Building adaptability and resiliency into the organization and project team’s approaches helps the project accommodate change, recover from setbacks and advance the project. All lessons are based on the PMBOK®, 7th Edition.
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Building adaptability and resiliency into team helps the project and organization withstand change, recover from setbacks and helps the project to keep moving foward. I’m your host, Kaye B and let’s talk about not freaking out when things change.
Let’s go through definitions: Adaptability is the ability to respond to changing conditions and resiliency is the ability to absorb impacts and to recover quickly from them. Both adaptability and resiliency are helpful characteristics for anyone working on projects. It helps you not to go crying in the bathroom when a project seems to be going wrong.
You as a project manager does not have 100% control of the project (as we think we do) because projects are influenced by internal and external factors like your stakeholder deciding they want to add a new requirement at the ninetieth hour. Or you were supposed to start construction but mother nature decided it was the right time to have tornados hit right where the construction site is.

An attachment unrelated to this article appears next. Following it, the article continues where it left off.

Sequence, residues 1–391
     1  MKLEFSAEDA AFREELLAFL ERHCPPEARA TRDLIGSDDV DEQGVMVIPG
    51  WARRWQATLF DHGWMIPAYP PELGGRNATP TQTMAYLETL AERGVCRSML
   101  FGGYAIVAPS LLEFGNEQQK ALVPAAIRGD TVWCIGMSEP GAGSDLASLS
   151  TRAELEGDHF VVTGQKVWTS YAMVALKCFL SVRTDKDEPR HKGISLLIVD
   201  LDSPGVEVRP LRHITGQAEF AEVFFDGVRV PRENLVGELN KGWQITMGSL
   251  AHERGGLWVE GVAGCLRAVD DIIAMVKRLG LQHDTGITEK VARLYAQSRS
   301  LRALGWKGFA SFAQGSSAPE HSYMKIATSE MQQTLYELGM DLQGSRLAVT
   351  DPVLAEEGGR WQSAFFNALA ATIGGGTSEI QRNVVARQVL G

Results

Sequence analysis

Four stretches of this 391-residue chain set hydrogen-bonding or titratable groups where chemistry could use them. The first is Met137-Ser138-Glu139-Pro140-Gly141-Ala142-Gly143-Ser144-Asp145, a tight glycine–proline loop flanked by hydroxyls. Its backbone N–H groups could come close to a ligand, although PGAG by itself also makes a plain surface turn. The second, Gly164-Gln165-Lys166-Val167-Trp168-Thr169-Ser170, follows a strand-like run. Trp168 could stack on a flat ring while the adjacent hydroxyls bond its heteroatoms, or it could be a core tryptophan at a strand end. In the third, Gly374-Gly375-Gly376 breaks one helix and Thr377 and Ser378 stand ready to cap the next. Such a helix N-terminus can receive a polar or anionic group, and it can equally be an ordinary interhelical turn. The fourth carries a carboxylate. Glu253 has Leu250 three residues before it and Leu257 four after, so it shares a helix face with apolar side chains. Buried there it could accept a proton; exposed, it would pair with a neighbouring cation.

Projects can fail or fall short of expectations which requires the project team to regroup, rethink and replan. After this podcast do me a favor and look up “funniest engineering fails” and you’ll get the point.
Whatever the case, the project team needs to address the situation in order to move the project forward. Capabilities that support adaptability and resilience include:
- Short feedback loops to adapt quickly
- Continuous learning and improvement
- Diverse project teams to capture a broad range of experiences
- Open and transparent planning that engages internal and external stakeholders.
- Ability to leverage new ways of thinking and working
- Open organizational conversations
There are more, but you get the point. When you envision the outcomes rather the deliverable, yeah, that can be hard when you are in the moment. But you can enable solutions and actually get better results than the one originally planned.
Remember: building adaptability and resiliency in a project keeps the project team focused on the desired outcome when things change, it helps them to recover from setbacks and it helps them continue to make progress toward delivering value even when they give the death stare to you.
That is your PMP in a snap. Next week we’re talking about enabling change to achieve the future state. We have PMP study tips, go to pmnotebooks.com and sign up to get them.